Lucy Weisner: I literally just pulled up a list of New Year's resolutions—I’m very serious about them! Some of them are pretty personal. I haven’t necessarily broken this one because it’s more of a process, but I want to stop apologizing for being, and to assert myself more in situations. I want to remind myself that I have the right to exist in certain places, even if I feel uncomfortable and it gives me anxiety to be there. In some ways, I’ve broken this resolution a little bit because I haven’t quite followed through [with it], but at least I have this whole year to work on it.
Vita Haas: Now I’m rethinking mine. My friend calls it potty-texting—like when you text a boy but you’re pooping, so you literally shit out whatever because you’re bored. I feel like guys do that to me sometimes and I don’t like it, so I don’t want to engage with it anymore.
I know a lot of the designers you carry are your friends, which makes the process somewhat easier, but how do you guys go about selecting new talent for the shops? What qualities make you want to work with someone?
Lucy Weisner: A lot of people, as you said, are friends, and many others we find through Instagram, or they’ve reached out to us. Sometimes I’ll even meet people and they'll tell me about the stuff they’re working on, and I’ll go check it out, and that snowballs into a larger conversation. Other times, simply over email—there are just so many different channels out there to get in touch with people. A few have come to the pop-ups as customers, or to hang out, and happen to design themselves. It’s nice to have all of these different kinds of interactions.
Vita Haas: I also find that when somebody really likes the project and loves the clothes, the process can be pretty self-selecting in that way. It’s a niche project, so when people express interest, I’m always down to see what they have and what they want to contribute.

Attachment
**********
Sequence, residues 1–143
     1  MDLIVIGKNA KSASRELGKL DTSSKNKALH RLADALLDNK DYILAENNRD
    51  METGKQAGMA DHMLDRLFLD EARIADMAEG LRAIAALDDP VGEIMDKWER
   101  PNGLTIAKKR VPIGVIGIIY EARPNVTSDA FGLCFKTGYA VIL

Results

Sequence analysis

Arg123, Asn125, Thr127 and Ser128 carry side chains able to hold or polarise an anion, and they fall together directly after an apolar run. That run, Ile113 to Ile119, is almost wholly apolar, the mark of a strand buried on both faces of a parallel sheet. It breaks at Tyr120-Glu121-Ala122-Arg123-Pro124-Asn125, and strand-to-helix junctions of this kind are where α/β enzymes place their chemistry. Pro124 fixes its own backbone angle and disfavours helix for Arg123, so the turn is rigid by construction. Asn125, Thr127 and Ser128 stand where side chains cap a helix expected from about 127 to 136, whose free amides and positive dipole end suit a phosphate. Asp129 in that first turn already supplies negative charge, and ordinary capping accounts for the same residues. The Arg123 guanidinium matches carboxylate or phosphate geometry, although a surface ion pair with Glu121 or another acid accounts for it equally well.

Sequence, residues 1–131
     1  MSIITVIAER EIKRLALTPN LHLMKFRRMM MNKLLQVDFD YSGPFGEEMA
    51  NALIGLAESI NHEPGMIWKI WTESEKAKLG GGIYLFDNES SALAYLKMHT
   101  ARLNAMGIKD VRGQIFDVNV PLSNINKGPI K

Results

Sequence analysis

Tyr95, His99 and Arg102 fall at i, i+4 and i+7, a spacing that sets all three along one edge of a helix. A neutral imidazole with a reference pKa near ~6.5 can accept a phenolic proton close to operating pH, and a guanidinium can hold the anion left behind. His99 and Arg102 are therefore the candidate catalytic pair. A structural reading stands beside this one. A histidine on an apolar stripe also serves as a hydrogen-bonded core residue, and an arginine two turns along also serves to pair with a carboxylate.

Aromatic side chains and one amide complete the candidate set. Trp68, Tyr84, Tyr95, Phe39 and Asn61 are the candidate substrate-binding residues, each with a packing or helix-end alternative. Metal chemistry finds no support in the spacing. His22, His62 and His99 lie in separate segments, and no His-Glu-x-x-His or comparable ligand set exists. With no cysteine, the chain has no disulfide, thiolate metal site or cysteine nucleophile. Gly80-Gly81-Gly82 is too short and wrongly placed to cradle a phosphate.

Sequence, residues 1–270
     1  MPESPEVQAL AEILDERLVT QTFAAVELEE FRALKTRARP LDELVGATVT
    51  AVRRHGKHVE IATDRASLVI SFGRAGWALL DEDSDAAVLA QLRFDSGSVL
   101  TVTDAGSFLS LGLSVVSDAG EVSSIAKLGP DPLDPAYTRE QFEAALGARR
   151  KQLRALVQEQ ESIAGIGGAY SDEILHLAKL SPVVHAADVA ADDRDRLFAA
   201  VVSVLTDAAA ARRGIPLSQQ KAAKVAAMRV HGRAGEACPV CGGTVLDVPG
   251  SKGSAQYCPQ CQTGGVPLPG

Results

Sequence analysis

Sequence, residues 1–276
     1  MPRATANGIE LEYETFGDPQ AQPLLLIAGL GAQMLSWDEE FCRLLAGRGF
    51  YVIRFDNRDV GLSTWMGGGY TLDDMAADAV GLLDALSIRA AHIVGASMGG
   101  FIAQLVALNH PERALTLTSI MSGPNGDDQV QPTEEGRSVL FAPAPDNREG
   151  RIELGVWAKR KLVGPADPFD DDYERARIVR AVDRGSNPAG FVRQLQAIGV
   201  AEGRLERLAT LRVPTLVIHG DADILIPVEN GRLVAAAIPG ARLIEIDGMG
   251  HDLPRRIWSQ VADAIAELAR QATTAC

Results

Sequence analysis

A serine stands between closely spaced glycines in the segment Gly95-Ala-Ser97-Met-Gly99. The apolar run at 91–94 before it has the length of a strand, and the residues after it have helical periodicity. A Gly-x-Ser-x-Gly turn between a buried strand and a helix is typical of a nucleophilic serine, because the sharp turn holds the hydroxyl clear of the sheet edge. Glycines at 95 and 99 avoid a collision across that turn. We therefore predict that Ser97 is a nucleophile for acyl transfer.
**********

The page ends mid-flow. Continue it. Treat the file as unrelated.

Learn more about Café Forgot and check for their upcoming pop-ups here.
The show’s location was no random choice, either. Held at a church in Westminster’s St. John Smith’s Square, Westwood picked her spot just a step away from the day’s nonviolent climate protests against London Fashion Week, led by environmental action group Extinction Rebellion. And Westwood protested just the same, her collection ringing with urgency and a call for the rebirth of culture. For the British designer, “if we had culture we would not be in this mess, the world would be in harmony, our ethos would be peace."
Viva la revolution de Vivienne Westwood.
Photos courtesy of Vivienne Westwood.
Kane’s signature knitwear featured throughout, arriving in the form of a hot pink diamanté edged cardigan, a knitted shawl fastened with an enormous glittering brooch over a cable knit turtleneck, and a slouchy grey jumper paired with a sheer black skirt. Other Kane classics included the graphic printed pieces, two rubber gloves printed onto the front of dresses with the word “rubberist” written beneath, and a balloon bearing the slogan “looner"—two pieces that'll definitely be shooting to the top of must-have lists come Fall. As the show drew to a close, the previously frothy lace became more intricate; delicately panelled and paired with sparkling chainmail-style looks.
Color-wise, the palette focused on bright pinks, purples, blues and cold whites, along with lots of black. There was a sense of something chaotic, something sinister—the bright prints and colors seemed to nod to the ubiquitous horror film motif of clowns and balloons. This season, Kane seems to be creating a sartorial drama that reflects the frantic, frenetic nature of his current surroundings. The gel pockets now bring to mind last year’s bizarre internet trend for ingesting tide laundry pods, evoking the manic banality of the internet age. Even the soundtrack walked a bombastic tightrope between annunciating horns and dark, throbbing bass beats.
Nevertheless, Kane brought it home with his usual panache. Fashion is an industry whose participants are more likely to play with their food than to actually eat it, so it felt apt that this idea translated into such covetable pieces. Desirable, yes, edible, no. These are clothes to smear over one’s body instead.
View some of the collection highlights, below.
Photos courtesy of Christopher Kane.